Step 3: Inject Logic, Goals, or Inspiration
After you’ve steadied your mind, this step helps you to “dig deep” and work your way back into the zone. Injecting logic, goals, or inspiration into the front end of your game helps you to return to the zone by address- ing the specific problem(s) that caused you to fall out of it.
We often watch athletes dig deep within themselves to find a spark that gets them back on track after the momentum has shifted against them. When they find that spark, their resurgence is striking; it’s as if they’re a different player. In interviews afterwards, they often say that in the process of digging deep, they are able to find reasons why winning is so important to them and that fuels their drive to win. Their goals don’t change, but remembering why their goals are so important to them proves invaluable to their mental recovery. This is the essence of inject- ing logic, goals, or inspiration. Implementing this technique can give you the mental boost necessary to break through the problem and get back into the zone.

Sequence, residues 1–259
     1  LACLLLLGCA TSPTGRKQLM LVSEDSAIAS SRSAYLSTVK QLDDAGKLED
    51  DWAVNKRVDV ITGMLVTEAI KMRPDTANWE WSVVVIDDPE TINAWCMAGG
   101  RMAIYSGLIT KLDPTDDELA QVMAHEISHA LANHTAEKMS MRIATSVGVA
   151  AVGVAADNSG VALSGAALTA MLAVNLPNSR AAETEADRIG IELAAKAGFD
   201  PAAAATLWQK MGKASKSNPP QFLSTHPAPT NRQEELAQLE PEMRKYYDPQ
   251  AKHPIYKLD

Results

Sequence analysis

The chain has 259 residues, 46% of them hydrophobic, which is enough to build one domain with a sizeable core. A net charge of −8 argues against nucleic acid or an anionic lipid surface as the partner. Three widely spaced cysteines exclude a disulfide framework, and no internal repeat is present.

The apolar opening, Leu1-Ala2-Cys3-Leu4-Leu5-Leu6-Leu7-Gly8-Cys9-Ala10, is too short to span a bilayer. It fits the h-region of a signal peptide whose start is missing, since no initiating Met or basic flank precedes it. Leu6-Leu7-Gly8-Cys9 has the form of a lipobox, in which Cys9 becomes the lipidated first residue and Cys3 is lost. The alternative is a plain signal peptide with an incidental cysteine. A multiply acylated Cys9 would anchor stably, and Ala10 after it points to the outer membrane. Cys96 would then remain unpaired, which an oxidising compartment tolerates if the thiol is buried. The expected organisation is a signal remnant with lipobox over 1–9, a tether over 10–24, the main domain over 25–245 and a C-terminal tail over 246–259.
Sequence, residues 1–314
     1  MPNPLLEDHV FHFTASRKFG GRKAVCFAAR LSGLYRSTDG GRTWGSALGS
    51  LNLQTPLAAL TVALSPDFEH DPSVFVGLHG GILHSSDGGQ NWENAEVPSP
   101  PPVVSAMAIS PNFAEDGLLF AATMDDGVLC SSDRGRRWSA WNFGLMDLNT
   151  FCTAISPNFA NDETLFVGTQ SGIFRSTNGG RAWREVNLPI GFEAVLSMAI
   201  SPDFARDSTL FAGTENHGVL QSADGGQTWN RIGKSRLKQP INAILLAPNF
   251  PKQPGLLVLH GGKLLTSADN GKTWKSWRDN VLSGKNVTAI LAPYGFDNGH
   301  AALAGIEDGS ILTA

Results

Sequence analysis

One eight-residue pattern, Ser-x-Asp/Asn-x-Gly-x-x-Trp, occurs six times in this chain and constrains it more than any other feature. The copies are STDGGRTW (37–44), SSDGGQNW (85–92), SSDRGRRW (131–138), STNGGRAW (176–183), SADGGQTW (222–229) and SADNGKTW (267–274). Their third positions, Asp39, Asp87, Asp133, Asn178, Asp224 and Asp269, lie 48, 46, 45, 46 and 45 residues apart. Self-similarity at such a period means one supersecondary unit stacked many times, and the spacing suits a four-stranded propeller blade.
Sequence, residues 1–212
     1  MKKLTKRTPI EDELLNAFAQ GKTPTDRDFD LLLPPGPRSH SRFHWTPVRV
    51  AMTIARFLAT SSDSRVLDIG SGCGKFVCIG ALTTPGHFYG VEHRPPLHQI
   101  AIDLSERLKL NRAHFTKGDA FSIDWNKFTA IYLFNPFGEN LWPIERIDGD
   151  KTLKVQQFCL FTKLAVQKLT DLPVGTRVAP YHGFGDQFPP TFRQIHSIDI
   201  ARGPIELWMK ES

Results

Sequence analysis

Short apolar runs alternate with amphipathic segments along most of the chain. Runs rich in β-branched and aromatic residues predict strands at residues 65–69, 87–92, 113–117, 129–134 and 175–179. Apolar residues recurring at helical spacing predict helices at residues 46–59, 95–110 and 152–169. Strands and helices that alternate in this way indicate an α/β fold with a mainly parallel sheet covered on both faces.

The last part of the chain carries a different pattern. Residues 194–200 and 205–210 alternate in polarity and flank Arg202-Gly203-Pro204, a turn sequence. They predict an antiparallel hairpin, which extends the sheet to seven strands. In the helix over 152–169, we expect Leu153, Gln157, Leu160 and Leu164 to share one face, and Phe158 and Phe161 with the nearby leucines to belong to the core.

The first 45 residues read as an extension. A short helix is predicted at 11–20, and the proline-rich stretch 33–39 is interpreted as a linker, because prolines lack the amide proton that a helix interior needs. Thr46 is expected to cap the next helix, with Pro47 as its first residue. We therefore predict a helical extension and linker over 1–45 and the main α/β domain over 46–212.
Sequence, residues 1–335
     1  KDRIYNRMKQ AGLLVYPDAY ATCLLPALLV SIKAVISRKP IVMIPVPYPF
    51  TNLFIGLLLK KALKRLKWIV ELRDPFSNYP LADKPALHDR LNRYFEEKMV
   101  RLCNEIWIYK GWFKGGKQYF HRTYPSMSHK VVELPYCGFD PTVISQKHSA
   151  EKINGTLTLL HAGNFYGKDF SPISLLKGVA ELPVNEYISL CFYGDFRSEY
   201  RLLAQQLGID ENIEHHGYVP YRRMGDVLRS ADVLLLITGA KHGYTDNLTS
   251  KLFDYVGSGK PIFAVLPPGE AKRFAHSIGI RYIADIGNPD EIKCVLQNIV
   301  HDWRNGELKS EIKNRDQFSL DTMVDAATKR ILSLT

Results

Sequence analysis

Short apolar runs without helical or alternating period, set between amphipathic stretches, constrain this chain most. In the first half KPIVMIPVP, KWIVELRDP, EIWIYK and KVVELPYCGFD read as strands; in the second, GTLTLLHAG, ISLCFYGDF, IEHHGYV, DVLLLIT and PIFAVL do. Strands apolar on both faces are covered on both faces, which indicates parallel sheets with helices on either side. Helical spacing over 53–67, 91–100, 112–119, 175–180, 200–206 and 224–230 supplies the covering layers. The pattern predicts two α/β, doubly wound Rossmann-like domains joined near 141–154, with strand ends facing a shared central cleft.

Basically, the goal of this step is to come up with a statement, goal, or inspirational note that you repeat to yourself, or say out loud. Write it down and make it easily accessible so you don’t have to rely on your memory. Also, consider using audio recordings, videos, music, or other forms of media to make the message more powerful.
Injecting logic. When minor mental game issues, such as frustration, cause you to slip out of the zone, you need a statement or phrase that cuts straight to the core of the issue. This allows it to dissipate enough for you to refocus and get back into the zone. Here are some examples of how injecting logic can help: